Maybe, just maybe, I'll have to open it up this weekend, check it out, see what I need to do to make it usable. I've been dealing with a bout of writer's block lately (at least as far as writing new stuff goes), and have only been working on re-writes, but maybe flashing back to the days of the NES and cassette tapes will unlock something.


Early Morning Amusement:: Michael (Jump In)

It's Friday, and I managed to not oversleep by two hours today, so that seems like a good reason for an Early Morning Amusement.

I originally discovered "No More Kings" while I was working on the first draft of "Mallville - A Journal of the Zombie Apocalypse". I was listening to Pandora and a fairly catchy tune came on. A short ways into the song I realized it was about zombies; it was "Zombie Me" by "No More Kings". As I continued to listen, more of their songs played andd I ended up going out and buying the album.

If you are unfamiliar with "No More Kings", their albums are basically my childhood set to music. The songs are cheerful, upbeat, and frequently more than a little silly, and I find it to be very uplifting. They have songs about "Peanuts", "Short Circuit", "Gulliver's Travels", "The Karate Kid", and of course the subject of this song, "Knight Rider"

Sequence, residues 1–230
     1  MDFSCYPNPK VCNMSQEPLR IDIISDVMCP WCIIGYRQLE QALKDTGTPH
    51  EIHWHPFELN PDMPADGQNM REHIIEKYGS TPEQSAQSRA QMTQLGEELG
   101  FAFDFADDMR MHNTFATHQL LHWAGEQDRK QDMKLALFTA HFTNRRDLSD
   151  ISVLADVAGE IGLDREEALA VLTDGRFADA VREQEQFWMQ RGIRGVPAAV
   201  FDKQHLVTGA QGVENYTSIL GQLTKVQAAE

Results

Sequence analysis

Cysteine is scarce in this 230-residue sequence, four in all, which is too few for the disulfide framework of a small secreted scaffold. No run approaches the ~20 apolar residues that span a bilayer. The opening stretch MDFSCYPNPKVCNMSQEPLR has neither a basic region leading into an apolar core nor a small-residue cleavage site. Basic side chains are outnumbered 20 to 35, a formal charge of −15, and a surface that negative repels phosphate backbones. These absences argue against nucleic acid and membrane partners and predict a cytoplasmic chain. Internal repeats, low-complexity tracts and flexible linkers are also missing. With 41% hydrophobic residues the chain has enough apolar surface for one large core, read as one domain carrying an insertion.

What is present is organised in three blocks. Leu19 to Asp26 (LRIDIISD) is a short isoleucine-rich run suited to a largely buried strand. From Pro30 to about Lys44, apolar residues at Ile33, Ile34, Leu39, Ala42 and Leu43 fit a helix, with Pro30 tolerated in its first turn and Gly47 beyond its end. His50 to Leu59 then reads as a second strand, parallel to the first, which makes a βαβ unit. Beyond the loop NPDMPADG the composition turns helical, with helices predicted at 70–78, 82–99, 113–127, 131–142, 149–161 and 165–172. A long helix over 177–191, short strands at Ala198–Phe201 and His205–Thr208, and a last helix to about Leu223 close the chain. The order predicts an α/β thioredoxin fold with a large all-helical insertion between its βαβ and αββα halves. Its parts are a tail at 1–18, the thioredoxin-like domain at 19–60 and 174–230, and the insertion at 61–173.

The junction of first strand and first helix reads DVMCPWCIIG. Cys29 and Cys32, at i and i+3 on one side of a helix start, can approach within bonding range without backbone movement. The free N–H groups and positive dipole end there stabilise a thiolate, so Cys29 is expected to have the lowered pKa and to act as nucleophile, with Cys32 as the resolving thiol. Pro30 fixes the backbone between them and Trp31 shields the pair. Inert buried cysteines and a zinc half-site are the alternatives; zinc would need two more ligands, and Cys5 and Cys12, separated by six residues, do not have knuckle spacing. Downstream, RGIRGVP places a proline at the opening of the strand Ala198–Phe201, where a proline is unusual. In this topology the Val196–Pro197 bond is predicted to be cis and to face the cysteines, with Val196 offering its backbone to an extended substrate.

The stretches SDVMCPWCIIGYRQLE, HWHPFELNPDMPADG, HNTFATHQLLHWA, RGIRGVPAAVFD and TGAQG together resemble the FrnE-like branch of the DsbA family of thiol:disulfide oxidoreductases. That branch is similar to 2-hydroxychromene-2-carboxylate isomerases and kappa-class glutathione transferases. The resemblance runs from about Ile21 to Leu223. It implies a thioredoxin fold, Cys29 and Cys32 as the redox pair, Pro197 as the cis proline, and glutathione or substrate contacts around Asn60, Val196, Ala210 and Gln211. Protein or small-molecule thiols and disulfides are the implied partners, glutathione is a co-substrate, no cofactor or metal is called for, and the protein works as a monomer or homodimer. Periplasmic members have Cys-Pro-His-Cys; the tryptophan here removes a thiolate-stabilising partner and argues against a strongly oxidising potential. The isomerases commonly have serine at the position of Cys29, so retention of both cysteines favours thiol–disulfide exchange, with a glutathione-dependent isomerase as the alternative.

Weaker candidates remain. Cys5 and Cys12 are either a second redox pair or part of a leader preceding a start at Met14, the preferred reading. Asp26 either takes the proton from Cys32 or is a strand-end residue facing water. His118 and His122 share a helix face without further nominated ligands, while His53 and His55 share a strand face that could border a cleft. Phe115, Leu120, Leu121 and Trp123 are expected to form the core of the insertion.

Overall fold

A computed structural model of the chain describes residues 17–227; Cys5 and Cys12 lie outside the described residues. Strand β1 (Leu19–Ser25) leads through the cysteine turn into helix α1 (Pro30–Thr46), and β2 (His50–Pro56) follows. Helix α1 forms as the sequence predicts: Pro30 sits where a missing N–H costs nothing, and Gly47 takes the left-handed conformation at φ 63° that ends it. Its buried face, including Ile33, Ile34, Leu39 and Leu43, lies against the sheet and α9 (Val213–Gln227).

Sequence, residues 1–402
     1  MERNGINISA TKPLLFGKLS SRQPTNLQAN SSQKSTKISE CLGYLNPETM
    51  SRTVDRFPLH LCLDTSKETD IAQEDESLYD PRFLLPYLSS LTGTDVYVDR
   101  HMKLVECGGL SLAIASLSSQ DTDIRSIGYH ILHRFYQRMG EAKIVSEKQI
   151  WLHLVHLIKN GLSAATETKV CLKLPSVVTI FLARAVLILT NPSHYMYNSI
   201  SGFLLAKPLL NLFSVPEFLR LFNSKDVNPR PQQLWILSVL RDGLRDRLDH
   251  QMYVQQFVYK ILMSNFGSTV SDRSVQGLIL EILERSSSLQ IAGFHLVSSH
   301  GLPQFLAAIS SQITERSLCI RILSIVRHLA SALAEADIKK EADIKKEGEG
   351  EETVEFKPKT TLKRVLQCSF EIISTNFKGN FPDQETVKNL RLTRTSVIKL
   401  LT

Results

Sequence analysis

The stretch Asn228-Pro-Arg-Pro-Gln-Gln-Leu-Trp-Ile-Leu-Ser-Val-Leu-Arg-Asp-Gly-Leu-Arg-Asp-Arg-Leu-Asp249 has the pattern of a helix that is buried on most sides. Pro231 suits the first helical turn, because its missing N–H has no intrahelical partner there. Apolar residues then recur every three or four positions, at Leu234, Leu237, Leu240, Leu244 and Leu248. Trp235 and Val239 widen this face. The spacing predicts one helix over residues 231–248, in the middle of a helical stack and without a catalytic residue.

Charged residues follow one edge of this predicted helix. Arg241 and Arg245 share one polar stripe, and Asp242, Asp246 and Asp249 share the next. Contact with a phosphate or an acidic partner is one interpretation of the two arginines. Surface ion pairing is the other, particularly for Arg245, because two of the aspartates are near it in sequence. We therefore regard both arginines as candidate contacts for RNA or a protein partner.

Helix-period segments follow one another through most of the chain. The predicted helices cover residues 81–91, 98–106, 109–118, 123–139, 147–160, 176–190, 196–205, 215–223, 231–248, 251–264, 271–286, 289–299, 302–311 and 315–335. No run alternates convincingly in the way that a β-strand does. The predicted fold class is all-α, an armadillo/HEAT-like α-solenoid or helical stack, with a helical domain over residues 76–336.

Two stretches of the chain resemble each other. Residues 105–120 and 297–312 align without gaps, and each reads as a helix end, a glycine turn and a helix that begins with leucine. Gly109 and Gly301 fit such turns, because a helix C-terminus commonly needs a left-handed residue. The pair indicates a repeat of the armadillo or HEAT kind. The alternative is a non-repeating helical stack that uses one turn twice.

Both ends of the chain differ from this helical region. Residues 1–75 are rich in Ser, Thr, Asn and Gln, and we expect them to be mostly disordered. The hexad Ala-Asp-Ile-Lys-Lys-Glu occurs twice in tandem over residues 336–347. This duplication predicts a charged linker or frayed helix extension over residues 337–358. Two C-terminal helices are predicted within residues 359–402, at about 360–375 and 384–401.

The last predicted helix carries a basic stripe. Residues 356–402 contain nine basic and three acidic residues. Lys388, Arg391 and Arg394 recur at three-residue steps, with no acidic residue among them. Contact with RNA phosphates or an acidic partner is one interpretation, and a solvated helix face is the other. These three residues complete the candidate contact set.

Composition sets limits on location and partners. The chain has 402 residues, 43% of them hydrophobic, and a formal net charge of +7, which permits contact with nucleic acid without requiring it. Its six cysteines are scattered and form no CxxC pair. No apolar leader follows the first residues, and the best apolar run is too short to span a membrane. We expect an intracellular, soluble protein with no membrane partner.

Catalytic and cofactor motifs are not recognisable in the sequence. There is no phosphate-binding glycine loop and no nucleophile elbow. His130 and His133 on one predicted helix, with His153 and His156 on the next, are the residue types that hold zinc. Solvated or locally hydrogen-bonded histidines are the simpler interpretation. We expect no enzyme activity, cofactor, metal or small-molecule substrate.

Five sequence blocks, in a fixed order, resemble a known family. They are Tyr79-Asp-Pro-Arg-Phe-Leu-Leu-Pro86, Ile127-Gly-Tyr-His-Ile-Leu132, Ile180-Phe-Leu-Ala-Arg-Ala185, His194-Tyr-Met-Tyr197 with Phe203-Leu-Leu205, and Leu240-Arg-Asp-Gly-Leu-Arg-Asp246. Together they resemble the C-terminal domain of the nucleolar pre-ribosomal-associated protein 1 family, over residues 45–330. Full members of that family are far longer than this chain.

You may be wondering why I am highlighting the video for "Michael (Jump In)" when it was "Zombie Me" that first got my attention, and even became a bit of an un-official theme for "Mallville" (I'd be happy for it to be the official theme if I could get permission). Well, there's not a video for that song, but this one is a lot of fun too, and it's a great way to start off the day.

If you like this video, I suggest going to their website and checking out more of their music, and buying their albums.

Tuesday, March 1, 2011

Drive Angry 3D

Do you want a movie with fast cars? Do you want a movie with big guns? Do you want nudity and lots and lots of violence? Do you want a movie where the laws of physics are discarded for the rules of awesome? Do you want it all in 3D? If you answered yes to all of those (and if you didn't, you may want to stop reading now) then Patrick Lussier (“My Bloody Valentine”) has a movie for you: “Drive Angry 3D”